A meeting between mocking, grotesque beings seated at the table in 'The Good Judges' (1894). A crowd of deformed faces appears in 'The entry of Christ into Brussels in 1889' (1898). Neither god nor motherland nor puppets with heads feature in the prints by James Ensor. The deformities he depicts are very similar to those of a century earlier, in 'La Lealtad', 'La lealtad', 'Porque esconderlos' and 'Duendecitos', some of the 'Disparates' of Francisco de Goya.
Artists separated by time but very united in social criticism, especially in their graphic works. This 'crossing of minds' has never been seen before but it is now taking place at the Carmen Thyssen Museum in Malaga in an exhibition which is small but has great substance and impact.
The Sala Noble in this museum in Malaga city contains 40 prints by the artist from Aragón and 12 by the Belgian creator in a display which places before the spectator the bravery of both men in the face of political and ecclesiastical censure.
“Both Goya and Ensor showed their souls in graphic work. In the case of Goya, for example, there is a great difference between his work as a chamber artist at Court and these prints which are filled with social criticism,” said the artistic director of the Thyssen Museum this week, Lourdes Moreno, at the presentation of the exhibition which continues until 28 January.
She also pointed out the novelty of this exhibition in relating the works of Goya and Ensor. The link is the ferocious social criticism of both artists, one in the 18th century and the other in the 19th and 20th. “They were both also part of the group of artists who expressed their unrest,” she explained, about an exhibition in which the works are sombre and macabre but luminous in terms of formal and intellectual relations between the two artists.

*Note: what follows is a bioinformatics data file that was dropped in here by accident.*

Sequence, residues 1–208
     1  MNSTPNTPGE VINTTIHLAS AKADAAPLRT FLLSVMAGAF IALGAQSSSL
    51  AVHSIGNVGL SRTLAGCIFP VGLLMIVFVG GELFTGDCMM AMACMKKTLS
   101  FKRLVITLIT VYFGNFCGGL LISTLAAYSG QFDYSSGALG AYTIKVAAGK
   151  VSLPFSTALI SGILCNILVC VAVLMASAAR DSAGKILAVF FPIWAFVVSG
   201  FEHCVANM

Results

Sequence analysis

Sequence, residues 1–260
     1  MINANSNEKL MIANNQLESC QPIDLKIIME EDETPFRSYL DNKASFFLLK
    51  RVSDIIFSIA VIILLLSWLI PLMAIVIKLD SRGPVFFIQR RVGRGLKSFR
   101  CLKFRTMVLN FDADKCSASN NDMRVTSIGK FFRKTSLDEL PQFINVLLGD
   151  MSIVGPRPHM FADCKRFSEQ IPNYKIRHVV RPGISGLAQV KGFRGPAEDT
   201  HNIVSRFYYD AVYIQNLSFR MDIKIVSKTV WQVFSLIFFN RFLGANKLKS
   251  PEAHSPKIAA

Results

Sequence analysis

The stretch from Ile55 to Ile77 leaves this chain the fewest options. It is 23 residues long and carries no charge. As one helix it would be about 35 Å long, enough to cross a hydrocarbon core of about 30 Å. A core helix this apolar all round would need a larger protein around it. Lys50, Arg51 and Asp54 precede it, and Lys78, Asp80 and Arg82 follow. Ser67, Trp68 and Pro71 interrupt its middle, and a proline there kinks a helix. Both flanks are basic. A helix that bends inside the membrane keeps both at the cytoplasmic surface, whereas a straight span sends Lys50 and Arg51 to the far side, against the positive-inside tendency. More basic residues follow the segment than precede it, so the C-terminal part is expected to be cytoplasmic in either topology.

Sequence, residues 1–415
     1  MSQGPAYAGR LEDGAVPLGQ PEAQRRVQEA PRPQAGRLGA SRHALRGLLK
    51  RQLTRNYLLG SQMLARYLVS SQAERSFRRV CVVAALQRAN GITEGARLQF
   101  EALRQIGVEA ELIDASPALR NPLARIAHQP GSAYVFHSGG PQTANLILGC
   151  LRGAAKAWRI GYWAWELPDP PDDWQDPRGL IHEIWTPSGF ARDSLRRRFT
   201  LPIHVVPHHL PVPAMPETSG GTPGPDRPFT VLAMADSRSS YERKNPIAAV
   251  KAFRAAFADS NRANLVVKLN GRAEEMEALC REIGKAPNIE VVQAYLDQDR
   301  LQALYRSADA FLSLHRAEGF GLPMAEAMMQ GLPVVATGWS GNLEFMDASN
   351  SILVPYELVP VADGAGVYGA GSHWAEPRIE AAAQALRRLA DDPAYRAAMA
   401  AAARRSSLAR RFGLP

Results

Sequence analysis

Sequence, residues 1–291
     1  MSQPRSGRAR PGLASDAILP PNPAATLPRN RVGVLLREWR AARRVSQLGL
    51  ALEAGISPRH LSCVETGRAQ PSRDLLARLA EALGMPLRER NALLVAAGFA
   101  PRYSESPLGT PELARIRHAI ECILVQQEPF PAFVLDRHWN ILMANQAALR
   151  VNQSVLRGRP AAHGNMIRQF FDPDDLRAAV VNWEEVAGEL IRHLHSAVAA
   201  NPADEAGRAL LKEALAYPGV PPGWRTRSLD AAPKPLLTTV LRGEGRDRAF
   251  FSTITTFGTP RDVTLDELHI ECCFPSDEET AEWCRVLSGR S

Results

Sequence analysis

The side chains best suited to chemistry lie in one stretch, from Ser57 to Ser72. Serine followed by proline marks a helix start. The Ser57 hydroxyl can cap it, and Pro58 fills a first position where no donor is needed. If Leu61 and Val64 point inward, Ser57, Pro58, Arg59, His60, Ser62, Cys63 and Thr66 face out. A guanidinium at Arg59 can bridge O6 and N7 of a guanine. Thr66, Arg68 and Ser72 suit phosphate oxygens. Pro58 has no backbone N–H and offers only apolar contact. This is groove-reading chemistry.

These communicating links are evident in a display which puts the works by both artists alongside each other. There are the 'Masks (The mocking death)' (1922) by Ensor , with 'Folly of Fear' and 'Disparate cruel' (1816-1819). The same contorted faces, the same social background under the sinister caricatures, the same fleshless view of man and society, the same defeat of reason faced with superstition, the same debacle of solidarity against moral plunder.
These works were also planned as didactic postcards, in the same way Goya claimed for his 'Caprichos' and 'Disparates'. The exhibition, includes works by Goya from the Fine Arts Museum in Cordoba and is sponsored by the Daniel Pastor Abodagos law firm.
Lourdes Moreno also stressed the pioneering character of Goya's work in the formal aspect, because he worked with nitric acid and aquatint first and then retouched it with a burin, which was an unusual technique.
“Goya achieved a nocturnal ambience in the scenes by using aquatint, a technique with which he modernised the etching procedure and which enabled him to suggest dark scenes and mysterious atmospheres, where nightmares come to life and fill the mind of man with fear,” she explained.
And there are more mirrors. 'Modo de volar' by Goya together with 'Christ tormented by demons' (1895) and 'The exterminating angel' (1889).
“Because of their rawness, the etchings by Francisco de Goya and James Ensor are still able to move and surprise the spectator today. And as a display, this innovation of the sombre world of dreams by both artists, with their indisputable mastery of printing, shows a powerful skill in drawing and technique, which few other artists were able to achieve,” said Lourdes.